What In the World

February 7, 2011

What In the World.
What In the World (Musikladen, 1978).
What In the World (live, 1978).
What In the World (rehearsal with Stevie Ray Vaughan, 1983).
What In the World (live, 1983).
What In the World (live, 1995).
What In the World (live, 2002).

“What In the World” was originally intended for The Idiot: it seems crafted for Iggy Pop’s voice (Pop’s audible on the track, especially on the second verse’s hollered “wait until the crowd goes!”), while its first line, “you’re just a little girl with grey eyes,” hints that the song is another in the Idiot‘s gallery of vulnerable, destructive women (“China Girl,” “Baby,” “Tiny Girls”).

But suddenly we’re in stranger territory. Bowie breaks off the seduction, veering into harsh, bizarre commands (“never mind—say something! wait until the crowd cries!”); there’s a shift in perspective, so the singer could just as easily be shouting down the mirror (the song originally was titled “Isolation”). A chorus appears, or more like a string of half-assembled choruses looped together. Bowie’s tone lurches from sympathy to numbness, sometimes in the course of single line—he seems to be revising thoughts as he speaks them. So the rising melody in the chorus (“something deep inside of me”) runs aground against the title phrase, which Bowie sings flatly, drawing the blood out of the song. When he changes “you” to “I,” in the second chorus, it’s even more disruptive: the long, biting vowel sound hobbles the melody.

“What in the World” is a series of rapid concussions: the first verse is over and done in 15 seconds, the first chorus in 20, and if not for its lengthy (by Low Side A standards) outro the song would run its course in a minute and a half. Yet “World” doesn’t feel brief, but seems to deepen and expand as it proceeds, disclosing new surfaces each time it’s played. Tony Visconti’s mix is as wearying to listen to as it’s invigorating—nothing is foregrounded, nothing is central, everyone seems to be fighting for space. (There’s a taste of Sparks in all this—Visconti had produced their Indiscretion the year before). As with most of the Low tracks, there’s the sense Bowie’s vocal just as easily could have been wiped.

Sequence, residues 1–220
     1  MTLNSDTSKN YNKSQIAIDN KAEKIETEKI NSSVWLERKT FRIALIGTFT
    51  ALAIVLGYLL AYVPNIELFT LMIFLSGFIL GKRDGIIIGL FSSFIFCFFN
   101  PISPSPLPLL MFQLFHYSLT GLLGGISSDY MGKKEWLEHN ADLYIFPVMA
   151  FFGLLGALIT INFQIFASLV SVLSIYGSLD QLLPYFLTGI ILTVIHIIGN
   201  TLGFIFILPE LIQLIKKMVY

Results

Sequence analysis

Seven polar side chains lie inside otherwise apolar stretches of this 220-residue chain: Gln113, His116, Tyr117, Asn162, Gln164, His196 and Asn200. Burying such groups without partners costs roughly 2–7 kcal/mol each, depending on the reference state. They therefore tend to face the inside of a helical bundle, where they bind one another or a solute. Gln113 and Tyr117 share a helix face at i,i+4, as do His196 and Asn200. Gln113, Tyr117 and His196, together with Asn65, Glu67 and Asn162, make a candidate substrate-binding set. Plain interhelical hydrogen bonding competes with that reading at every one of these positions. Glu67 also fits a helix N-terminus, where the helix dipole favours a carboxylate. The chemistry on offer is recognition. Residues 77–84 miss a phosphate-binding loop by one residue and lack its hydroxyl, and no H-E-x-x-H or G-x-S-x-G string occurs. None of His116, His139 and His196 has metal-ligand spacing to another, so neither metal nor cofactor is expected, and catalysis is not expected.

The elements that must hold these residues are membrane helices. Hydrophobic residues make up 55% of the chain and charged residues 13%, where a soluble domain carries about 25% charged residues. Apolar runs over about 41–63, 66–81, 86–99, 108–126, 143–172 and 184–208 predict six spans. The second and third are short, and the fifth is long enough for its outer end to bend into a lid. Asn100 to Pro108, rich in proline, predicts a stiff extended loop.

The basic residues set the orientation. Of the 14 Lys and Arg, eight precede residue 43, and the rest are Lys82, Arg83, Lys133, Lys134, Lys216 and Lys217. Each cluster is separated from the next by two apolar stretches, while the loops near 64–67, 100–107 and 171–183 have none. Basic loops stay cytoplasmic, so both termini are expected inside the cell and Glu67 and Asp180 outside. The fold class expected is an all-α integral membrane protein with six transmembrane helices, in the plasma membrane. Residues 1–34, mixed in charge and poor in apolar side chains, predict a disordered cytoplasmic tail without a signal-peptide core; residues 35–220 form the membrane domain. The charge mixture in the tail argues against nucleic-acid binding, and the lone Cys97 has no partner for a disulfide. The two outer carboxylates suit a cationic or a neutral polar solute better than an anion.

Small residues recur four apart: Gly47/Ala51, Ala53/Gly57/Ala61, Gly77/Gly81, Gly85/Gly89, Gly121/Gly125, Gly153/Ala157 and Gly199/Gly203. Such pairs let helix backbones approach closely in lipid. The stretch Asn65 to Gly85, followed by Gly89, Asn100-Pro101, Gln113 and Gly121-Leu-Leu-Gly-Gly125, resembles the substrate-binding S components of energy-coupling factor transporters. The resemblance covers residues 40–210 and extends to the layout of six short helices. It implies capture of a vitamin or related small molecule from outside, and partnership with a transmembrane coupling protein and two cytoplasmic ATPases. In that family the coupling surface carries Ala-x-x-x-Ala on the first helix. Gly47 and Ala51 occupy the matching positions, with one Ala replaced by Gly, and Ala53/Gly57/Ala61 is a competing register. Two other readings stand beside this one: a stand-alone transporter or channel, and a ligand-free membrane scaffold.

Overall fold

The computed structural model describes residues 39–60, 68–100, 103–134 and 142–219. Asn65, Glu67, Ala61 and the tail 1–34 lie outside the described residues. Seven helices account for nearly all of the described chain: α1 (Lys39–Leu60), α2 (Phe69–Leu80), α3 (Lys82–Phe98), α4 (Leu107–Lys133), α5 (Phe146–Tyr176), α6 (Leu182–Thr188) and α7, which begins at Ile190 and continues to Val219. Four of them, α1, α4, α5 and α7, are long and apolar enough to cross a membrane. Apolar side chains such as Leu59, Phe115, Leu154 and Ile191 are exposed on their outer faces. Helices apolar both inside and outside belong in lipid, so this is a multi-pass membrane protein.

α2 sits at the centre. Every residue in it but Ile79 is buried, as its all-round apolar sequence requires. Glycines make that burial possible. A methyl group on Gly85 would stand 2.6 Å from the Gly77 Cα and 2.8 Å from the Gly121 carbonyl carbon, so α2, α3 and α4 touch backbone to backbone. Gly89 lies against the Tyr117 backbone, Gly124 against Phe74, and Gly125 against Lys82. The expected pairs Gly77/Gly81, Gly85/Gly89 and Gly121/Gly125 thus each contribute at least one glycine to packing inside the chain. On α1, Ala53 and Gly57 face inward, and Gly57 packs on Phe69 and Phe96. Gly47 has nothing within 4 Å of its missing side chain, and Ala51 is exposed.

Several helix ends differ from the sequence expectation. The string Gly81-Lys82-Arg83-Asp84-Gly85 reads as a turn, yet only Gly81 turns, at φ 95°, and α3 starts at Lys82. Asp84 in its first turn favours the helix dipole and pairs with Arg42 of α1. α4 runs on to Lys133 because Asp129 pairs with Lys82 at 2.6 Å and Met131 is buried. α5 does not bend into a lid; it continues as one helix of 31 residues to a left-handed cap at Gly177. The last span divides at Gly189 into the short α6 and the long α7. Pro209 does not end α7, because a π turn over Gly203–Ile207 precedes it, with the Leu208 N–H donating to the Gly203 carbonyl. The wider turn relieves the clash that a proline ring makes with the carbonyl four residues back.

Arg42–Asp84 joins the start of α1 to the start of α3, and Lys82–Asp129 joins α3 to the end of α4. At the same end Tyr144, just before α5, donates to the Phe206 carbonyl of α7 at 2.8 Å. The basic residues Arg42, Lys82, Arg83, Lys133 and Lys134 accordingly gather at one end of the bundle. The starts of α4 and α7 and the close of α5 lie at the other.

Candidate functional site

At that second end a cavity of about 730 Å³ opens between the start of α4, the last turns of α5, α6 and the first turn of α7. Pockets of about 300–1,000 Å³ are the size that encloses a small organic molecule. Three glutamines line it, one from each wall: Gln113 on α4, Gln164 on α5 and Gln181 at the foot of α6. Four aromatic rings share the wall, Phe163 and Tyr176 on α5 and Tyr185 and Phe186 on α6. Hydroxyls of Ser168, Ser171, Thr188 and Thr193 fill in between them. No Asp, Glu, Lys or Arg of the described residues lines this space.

The players zoom in and out of focus. There’s Ricky Gardiner’s jittery lead guitar, its brittle sound in part owed to Gardiner playing through a small, tinny Fender amp—he hadn’t wanted to bring his expensive amp on the plane. He gets a four-bar guitar solo, but then continues on in the left channel, as if unaware that another verse has started. Carlos Alomar’s rhythm guitar, dryly recorded and mixed low in the right channel, offers the song’s constantly-changing building blocks (each bar of the verse shifts from F to E-flat, while the chorus is a series of shifts, stabilizing on eight bars of stepwise back-and-forths from D to C.) Dennis Davis’ crashing, Harmonized drums are as much a lead presence as Bowie’s vocal (“World” is the second of three sequenced tracks on Low that a Davis drum fill kicks off) while George Murray’s steady bass playing makes him seem like the only sane man in the room. Roy Young’s Farfisa organ shows up in the second chorus, like a late party guest, while Brian Eno plays the joker in the pack, his regular role on Low—here Eno’s EMS Synthi One suitcase synthesizer churns out bubbling noises that saturate the first verse and seem intended to throw off any sense of rhythmic stability.

Low is also, as we’ll see, a record of Bowie grappling with writer’s block, to the point where getting a single line down was painful, and in “World” Bowie’s typically short and uncluttered lyric seems pieced together out of older songs: “I’m In the Mood For Love,” the Doors’ “You’re Lost Little Girl,” Syd Barrett’s (covering James Joyce)”Golden Hair” (possibly the inspiration for “talking through the gloom”), the Who’s “The Real Me,” the Yardbirds’ “For Your Love.” In the latter song, Keith Relf sang the title phrase with an emphasis on the last word, the previous two used as propulsion to launch the last into the air (“foryour LOVE!”). In “World,” Bowie places equal weight on each word, as if he’s singing phonetically and has no idea, or no care, what relevance each word has: “FOR–YOUR–LOVE”.

“World” is love song as interrogation, an isolate’s attempt to connect with another isolate (the girl’s “deep in your room” here, Bowie’s stuck in his room in the following song, “Sound and Vision”): it gives the listener as little concession as its singer gives the girl with grey eyes, who very well may not exist at all.

Recorded September 1976, primarily at Château d’Hérouville. The song must have wronged Bowie in some way, as he gave it a reggae arrangement on stage in 1978 and 1983. Revived in later tours.

Top: Patti Smith at the Boarding House, San Francisco, 1976.